Back in Milford-on-Sea

It says somewhere at the front of this blog that I was brought up in Milford. This is correct, I spent my first seven years or so in Lymore, a rural outpost of Milford, before moving to Everton all of a further mile away. Life in this area carried on until I left to escape rurality to become an art student with the hope of making a success of my life as a designer in some city or another – I guess fame in London was the dream (it didn’t turn out like that).

I returned to the area SO41 we shall call it – the beginning of the Lymington postcode – in the 90’s having lived in Birmingham, Nottingham, Liverpool, Stafford, London and Colchester before returning to SO41. By this time my parents were living in Milford-on-Sea proper, in a rhododendron lined road of large Edwardian built houses on the western outskirts of the village. I lived there for a couple of years having found myself at a bit of a loss. I then moved to Lymington proper working with my sister running a restaurant.

In the summer of last year I decided to move to West Bay, Bridport, as much for a change of scene as anything else. Things didn’t quite work out for various reasons, nothing to do with Bridport, more to do with the type of tenure I had lumbered myself with – basically a flat too big and too expensive for me – I had originally intended this as a flatshare but this was not to happen.

I now find myself back in Milford-on-Sea lodging with a friend. In my first couple of days I realised that though completely familiar with the village I had never actually lived in the heart of the village, always on the outskirts in some way or another. One might think not a great difference really, true, many very small differences. Actually that is not factually correct as I did reside in a rented house in Park Road for between six months and a year as a small unknowing infant. I don’t count that as living.

One of the significant small differences was remembering that whilst I had never  lived in the middle of the village most of my school friends actually lived in the village proper, in roads such as Keyhaven Road, Carrington Lane, Solent Way to name a few. Seeing these roads on a daily basis led me to try and recall some of the names. Some of my friends came from families running shops and businesses in the village; the Knights, the Moggs, the Bells, the Berrys, the Wolstenholmes, must be more but I can’t remember.  It is possible that those of us who lived in outskirts such as Lymore or Everton my have been considered as country bumpkins.

My friend’s flat where I am living is on the site of the original Milford Laundry, an organisation which was already venerable when I was a child and which must have been one of Milford’s largest single business employers. In those days the main industry of the village was the land, both dairy and arable. The Edgar family whose Aubrey farm in Keyhaven supplied the area with both milk and employment. The family also ran a general store called Edgar’s Dairy – now the site of a Co-operative convenience store. Don’t recall knowing any Edgar children at school. There was another farmer Mr Bacon (no joke) who ran a dairy herd in school lane whose son was called Roger.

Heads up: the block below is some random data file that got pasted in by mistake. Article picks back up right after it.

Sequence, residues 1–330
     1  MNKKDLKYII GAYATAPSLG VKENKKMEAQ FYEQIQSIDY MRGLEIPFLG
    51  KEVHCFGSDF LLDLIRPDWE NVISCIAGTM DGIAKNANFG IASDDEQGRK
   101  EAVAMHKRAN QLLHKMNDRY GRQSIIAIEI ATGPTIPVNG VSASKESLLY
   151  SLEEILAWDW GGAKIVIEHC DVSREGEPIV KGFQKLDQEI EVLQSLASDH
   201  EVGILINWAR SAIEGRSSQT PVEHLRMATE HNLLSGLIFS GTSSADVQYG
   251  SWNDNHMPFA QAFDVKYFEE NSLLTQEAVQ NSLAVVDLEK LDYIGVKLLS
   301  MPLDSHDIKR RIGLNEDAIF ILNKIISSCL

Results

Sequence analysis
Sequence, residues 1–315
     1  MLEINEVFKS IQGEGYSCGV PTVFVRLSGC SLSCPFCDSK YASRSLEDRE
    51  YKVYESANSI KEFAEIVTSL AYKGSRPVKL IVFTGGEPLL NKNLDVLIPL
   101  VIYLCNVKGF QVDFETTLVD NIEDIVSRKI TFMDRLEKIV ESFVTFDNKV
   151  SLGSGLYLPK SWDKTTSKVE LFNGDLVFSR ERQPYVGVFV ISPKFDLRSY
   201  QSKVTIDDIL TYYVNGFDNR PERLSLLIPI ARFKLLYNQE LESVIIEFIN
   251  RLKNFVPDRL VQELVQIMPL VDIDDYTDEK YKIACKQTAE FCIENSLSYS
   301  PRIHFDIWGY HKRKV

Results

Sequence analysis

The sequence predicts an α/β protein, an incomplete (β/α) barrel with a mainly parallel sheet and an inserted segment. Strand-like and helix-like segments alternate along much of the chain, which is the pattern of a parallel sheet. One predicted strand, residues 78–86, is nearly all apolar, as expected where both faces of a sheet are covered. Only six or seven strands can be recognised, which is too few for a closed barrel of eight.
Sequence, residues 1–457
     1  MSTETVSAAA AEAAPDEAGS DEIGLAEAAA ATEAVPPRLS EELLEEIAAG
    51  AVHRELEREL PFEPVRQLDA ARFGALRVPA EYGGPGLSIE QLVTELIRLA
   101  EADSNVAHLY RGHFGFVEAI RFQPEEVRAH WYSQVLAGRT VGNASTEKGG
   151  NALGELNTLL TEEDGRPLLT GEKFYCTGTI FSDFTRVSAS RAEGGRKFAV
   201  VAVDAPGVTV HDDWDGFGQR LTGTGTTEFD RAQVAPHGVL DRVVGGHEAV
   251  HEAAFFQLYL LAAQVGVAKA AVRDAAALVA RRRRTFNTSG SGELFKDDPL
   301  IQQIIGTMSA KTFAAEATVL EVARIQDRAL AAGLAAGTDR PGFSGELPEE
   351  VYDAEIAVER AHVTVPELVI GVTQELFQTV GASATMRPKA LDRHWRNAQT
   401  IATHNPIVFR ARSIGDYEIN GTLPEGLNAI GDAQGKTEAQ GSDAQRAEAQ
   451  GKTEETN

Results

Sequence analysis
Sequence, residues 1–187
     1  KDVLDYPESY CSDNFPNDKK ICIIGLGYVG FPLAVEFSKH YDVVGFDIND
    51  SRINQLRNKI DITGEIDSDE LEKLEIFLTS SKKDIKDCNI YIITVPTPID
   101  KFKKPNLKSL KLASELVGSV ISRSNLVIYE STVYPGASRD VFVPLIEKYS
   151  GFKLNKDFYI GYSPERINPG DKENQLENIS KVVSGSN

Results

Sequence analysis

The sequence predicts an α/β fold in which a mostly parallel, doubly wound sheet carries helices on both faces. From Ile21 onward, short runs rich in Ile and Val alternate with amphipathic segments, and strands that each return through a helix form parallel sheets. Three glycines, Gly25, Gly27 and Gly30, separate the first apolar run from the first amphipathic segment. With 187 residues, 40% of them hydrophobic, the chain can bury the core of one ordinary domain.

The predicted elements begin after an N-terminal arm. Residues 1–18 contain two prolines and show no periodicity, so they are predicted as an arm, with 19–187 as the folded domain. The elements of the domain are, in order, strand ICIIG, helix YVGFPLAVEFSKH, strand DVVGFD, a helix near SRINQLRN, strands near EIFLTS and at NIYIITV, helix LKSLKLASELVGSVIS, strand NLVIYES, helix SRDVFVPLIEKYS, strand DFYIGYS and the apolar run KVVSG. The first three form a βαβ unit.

Whilst on about farmers there was another farmer, a Mr Dyer, whose farm was at the top end (north) of Lymore Lane, again I don’t recall offspring but his wife was a busy woman tearing around in a fawn gaberdine mac and had a surprising mane of bright red hair. He kept a herd too but I know less about his farm.  The farmhouse though was a handsome Edwardian building in strong red brick. The estate is now called Braxton Farm and boasts. tea rooms and the like.

Back to the village centre. Mr Knight had a grocery store, the old fashioned type who would deliver an order prior to the weekend if you presented your request earlier in the week. His daughter Janet was a friend.

A couple of doors away was a butcher (still there as a butcher). As a small child I was fascinated by the big black ceiling mounted fan. My mother called it an electric punkah  

There were two bakers Berrys and Bells.  Andrew Bell was a school friend. His shop one might say was posher as it did cakes.  Berrys just did bread and some of the best jam doughnuts I remember having.  My step-grandmother lived next door to his bakery so there was a reason for frequent visits. The doughnuts were only available for a few hours in the morning and I don’t think any of them ever had the chance to go stale. The Knights also had an off-licence and Mrs Knight had a sweet shop which also sold buckets and spades and seaside paraphernalia .  There was another sweet and tobacco shop run by a Mr Gillie (Scots) and I remember old fashioned things, even then, like tiger nuts and liquorice root.

Whilst to a certain extent I enjoy this nostalgia there is something poignant also almost depressing about it as well.  Bitter sweet I suppose.

About Richard Stokes

Richard Stokes. Childhood spent in Milford-on-Sea. Now lives in West Bay Bridport (recent move)Educated in Art Schools - Winchester, Birmingham and Portsmouth. Worked as art administrator: Ikon Gallery, Birmingham; Midland Group, Nottingham; West Midlands Arts, Birmingham; Gateshead Garden Festival; Arts Council; Minories Art Gallery, Colchester; West Midland Arts. Also involved with the former Limpets Restaurant. Keen sailor.
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